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Census 2020: Why health reporters should care about an underfunded census

Census 2020: Why health reporters should care about an underfunded census

Picture of Kellie  Schmitt
The last national census was done in 2010.
The last national census was done in 2010.

Insufficient funding for the 2020 Census and the potential implications for communities of color and immigrant groups is a critical topic for health journalists to monitor, census observers say.

This decennial count of the U.S. population is instrumental in determining everything from a state’s congressional seats to the amount of federal dollars directed toward health care. There are concerns that underfunding the census could result in low headcounts, especially in hard-to-count areas.

“The 2020 Census faces unprecedented challenges in collecting data, including fear of government authorities in immigrant communities, cybersecurity threats (real or perceived) and uneven access to reliable Internet service, which could disadvantage rural, low-income and older households,” wrote former U.S. Census Bureau directors Vincent P. Barabba and Kenneth Prewitt in a Washington Post op-ed.

Why health reporters should care

Terri Ann Lowenthal, a former staff director of the House Subcommittee on Census and Population, called the combination of factors “a perfect storm” that could “thwart a successful census,” in a New America Media op-ed. I caught up with Lowenthal this week to hear more about why health journalists should be closely monitoring the census story.

“There are a number of health-related programs that allocate funds directly or indirectly based on census data,” Lowenthal told the Center for Health Journalism. “An accurate census is vital to ensuring fair and equitable distribution of funds for many health-related programs.”

Census data impact federal funding on everything from Medicare and Medicaid to programs such as Healthy Start and Women, Infants, and Children (WIC).   

That’s not all, though. Ensuring the data’s accuracy is also key for researchers — and journalists — who use the census figures to study a number of health concerns, including care disparities. For example, if someone wants to look at care disparities, outcomes, or access to providers by race and ethnicity, they’ll often use the American Community Survey (ACS), a yearly survey by the U.S. Census Bureau.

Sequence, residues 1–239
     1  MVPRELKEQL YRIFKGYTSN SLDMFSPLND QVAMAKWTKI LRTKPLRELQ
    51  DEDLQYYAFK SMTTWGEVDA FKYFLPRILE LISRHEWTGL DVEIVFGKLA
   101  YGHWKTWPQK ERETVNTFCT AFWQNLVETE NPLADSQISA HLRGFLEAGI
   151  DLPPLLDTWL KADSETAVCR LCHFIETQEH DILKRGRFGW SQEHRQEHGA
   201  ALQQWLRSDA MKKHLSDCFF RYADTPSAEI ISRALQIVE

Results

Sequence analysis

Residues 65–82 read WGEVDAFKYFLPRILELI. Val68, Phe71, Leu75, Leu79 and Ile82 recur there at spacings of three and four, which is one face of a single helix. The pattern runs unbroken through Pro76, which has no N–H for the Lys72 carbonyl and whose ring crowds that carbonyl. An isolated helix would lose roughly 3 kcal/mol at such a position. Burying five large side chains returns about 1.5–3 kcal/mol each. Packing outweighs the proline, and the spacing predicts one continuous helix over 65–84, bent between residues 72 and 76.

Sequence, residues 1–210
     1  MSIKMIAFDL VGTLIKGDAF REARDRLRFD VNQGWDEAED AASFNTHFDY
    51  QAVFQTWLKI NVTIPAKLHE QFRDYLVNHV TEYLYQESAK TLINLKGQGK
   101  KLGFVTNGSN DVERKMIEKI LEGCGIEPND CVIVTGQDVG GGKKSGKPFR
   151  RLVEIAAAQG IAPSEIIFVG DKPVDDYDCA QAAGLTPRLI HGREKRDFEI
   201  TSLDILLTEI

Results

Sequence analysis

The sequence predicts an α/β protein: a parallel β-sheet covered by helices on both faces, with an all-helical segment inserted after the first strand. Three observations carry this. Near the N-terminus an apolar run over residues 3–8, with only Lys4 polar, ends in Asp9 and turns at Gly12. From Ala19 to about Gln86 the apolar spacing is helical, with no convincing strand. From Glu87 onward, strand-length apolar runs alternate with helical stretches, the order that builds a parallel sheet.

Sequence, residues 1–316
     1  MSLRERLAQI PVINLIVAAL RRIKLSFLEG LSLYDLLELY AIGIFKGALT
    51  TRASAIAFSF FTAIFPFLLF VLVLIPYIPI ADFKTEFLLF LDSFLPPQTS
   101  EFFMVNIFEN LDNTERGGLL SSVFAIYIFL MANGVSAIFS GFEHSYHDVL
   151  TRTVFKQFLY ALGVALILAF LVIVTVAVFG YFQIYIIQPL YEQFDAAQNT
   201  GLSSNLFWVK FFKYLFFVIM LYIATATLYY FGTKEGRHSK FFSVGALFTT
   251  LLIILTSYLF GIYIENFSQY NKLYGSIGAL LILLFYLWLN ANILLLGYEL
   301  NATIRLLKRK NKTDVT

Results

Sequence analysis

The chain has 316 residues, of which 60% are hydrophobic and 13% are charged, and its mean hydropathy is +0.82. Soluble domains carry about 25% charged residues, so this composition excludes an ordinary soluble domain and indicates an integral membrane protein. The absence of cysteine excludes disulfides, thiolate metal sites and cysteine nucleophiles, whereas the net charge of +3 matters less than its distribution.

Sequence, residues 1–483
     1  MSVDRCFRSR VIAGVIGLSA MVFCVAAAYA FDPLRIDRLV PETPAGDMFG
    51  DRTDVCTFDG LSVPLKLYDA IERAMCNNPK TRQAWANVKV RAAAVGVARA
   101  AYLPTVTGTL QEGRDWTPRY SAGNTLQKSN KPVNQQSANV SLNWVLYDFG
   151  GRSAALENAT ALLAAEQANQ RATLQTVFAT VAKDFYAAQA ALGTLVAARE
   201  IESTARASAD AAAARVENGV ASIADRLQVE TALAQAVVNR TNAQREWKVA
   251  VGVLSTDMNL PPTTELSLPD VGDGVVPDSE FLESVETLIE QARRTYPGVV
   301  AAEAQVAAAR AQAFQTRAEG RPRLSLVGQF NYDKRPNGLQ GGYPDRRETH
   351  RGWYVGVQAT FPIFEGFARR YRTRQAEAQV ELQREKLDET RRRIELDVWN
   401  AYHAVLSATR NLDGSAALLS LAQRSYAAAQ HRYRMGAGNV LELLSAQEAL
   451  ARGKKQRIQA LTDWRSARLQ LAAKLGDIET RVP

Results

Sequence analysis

The surveys are a gold mine of health stories. Want to study whether people with limited English proficiency have disparate outcomes because there are language and cultural barriers with their providers? Start with the survey’s data, Lowenthal said.  

The ACS also informs research published by organizations such as the Robert Wood Johnson Foundation, whose findings often guide policy makers — and fuel mainstream press articles.

Communities of color could be undercounted

The L.A.-based National Association of Latino Elected and Appointed Officials (NALEO) is also concerned about the health consequences of inaccurate census counts, said Ofelia Medina, the organization’s director of state civic engagement policy.

Undercounting young children — a longstanding problem with the census — would impact the number of federal dollars for programs such as Head Start and Early Head Start, which promote childhood development and support low-income families.

“If you’re not counting children, that impacts the amount of funds available for Latino working families,” Medina said.

There are numerous reasons why Latinos and other communities of color could be undercounted, from a reluctance to interact with the government to misconceptions that the forms are only for adults. Medina said she was also concerned that this census — with its anticipated reliance on more technology — could exclude people of color in rural areas that might not be as connected.

As 2020 approaches, her organization is working with other advocacy groups for people of color and children to promote outreach and awareness of why an accurate count matters. At a recent roundtable, they discussed the common fears these communities face, and the importance of targeting informational efforts in rural areas.

“I think there’s a good amount of organizations that already know what’s at stake for California,” Medina said.

Earlier this month, Commerce Secretary Wilbur Ross testified to lawmakers that the 2020 census will require $3.3 billion more than previous projections, according to media reports.

“There are still many challenges ahead, and these additional resources I have described are urgently needed,” Ross said in his testimony to the House Oversight Committee.

[Photo by Joe Raedle/Getty Images]       


The Center for Health Journalism’s 2023 National Fellowship will provide $2,000 to $10,000 reporting grants, five months of mentoring from a veteran journalist, and a week of intensive training at USC Annenberg in Los Angeles from July 16-20. Click here for more information and the application form, due May 5.

The Center for Health Journalism’s 2023 Symposium on Domestic Violence provides reporters with a roadmap for covering this public health epidemic with nuance and sensitivity. The next session will be offered virtually on Friday, March 31. Journalists attending the symposium will be eligible to apply for a reporting grant of $2,000 to $10,000 from our Domestic Violence Impact Reporting Fund. Find more info here!


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